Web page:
Tipton explosion: Mosque reopens to worshippers

Forensics officers were at the scene on Monday Forensics officers remained at the scene on Monday

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A mosque near the site of an explosion police have called "an act of terrorism" has reopened.

The blast happened on a disused railway line near Binfield Street in Tipton, West Midlands, on Friday afternoon.

Nails and debris were found strewn outside the mosque, which is the central place of worship for the town's long-established Muslim community.

Home secretary Theresa May condemned the "cowardly act", adding the "country will not be divided by terrorism".

Speaking in the House of Commons, Ms May said: "Last Friday we witnessed an attempted act of terror designed to divide our community.

"The motivations behind the explosion outside a mosque in Tipton as people gathered for Friday afternoon prayers are not yet known.

"But the intention was clear and the potential for injury and loss of life is obvious.

"This country will not be divided by terrorism.

"We stand united as a government, as a parliament and as a nation in our opposition to these cowardly acts."

Controlled explosion

West Midlands Police said a doctors' surgery and a church have also reopened following the explosion.

A police spokesperson said fingertip searches in Binfield Street in the immediate vicinity of the Kanzul Iman Masjid mosque had been completed, but its car park remains closed.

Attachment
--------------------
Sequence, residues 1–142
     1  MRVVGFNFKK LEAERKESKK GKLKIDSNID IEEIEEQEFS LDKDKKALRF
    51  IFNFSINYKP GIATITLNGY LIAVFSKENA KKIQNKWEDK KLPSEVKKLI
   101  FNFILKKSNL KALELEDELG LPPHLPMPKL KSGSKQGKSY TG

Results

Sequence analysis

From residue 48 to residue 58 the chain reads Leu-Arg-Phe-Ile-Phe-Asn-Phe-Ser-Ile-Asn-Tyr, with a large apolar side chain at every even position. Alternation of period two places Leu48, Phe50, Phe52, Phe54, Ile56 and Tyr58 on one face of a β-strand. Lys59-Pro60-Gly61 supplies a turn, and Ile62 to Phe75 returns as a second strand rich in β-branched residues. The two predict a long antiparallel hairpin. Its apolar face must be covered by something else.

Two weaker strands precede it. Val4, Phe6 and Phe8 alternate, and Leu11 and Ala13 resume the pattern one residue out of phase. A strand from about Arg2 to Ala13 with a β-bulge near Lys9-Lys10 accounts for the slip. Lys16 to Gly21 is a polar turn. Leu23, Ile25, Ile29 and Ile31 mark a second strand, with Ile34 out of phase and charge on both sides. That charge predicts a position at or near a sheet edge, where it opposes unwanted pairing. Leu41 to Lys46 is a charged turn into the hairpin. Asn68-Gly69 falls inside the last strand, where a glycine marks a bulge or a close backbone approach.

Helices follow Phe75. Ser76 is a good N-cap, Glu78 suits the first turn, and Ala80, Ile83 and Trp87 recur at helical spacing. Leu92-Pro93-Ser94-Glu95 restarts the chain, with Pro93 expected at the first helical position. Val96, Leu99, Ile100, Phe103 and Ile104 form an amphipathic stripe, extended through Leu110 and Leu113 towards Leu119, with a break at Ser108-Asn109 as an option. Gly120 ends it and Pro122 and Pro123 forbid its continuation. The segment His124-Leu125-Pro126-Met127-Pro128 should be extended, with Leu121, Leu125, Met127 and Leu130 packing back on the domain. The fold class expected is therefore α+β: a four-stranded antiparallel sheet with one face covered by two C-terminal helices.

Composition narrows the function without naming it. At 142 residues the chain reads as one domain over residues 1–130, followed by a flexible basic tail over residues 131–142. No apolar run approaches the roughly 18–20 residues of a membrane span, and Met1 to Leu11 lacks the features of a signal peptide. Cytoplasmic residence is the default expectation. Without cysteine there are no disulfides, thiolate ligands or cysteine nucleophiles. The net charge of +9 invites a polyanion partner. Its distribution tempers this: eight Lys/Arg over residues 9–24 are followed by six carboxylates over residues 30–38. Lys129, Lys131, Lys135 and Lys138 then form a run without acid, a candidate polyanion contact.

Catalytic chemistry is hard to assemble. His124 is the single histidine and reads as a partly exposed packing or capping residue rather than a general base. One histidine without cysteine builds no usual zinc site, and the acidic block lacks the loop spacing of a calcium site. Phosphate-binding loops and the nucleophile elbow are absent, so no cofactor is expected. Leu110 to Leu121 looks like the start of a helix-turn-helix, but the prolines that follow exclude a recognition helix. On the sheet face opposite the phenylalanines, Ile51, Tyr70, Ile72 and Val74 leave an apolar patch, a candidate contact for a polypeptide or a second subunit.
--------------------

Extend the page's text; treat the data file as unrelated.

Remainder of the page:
Assistant Chief Constable Marcus Beale said: "This is a massive investigation being led by our Counter Terrorism Unit with many officers and experts all working to find the offender or offenders."

He said forensic teams would continue their detailed searches in and around the area, and CCTV footage is being studied.

A controlled explosion was carried out on Saturday on what police said was part of a device that exploded.

The town was in the news in 2002 when three local men were captured in Afghanistan and taken to Guantanamo Bay, although police said they did not worship at the mosque.

Ruhal Ahmed, Asif Iqbal, both 22 at the time, and 26-year-old Shafiq Rasul were dubbed the "Tipton three" and held at the US camp in Cuba for two years.

The trio were eventually returned to the UK in March 2004 where they were released without charge.

Mr Beale said there was "no evidence" to make any connection between the attack and the funeral of murdered Fusilier Lee Rigby, which took place in Bury on Friday morning.

Police have appealed for witnesses who may be able to offer information about the blast.

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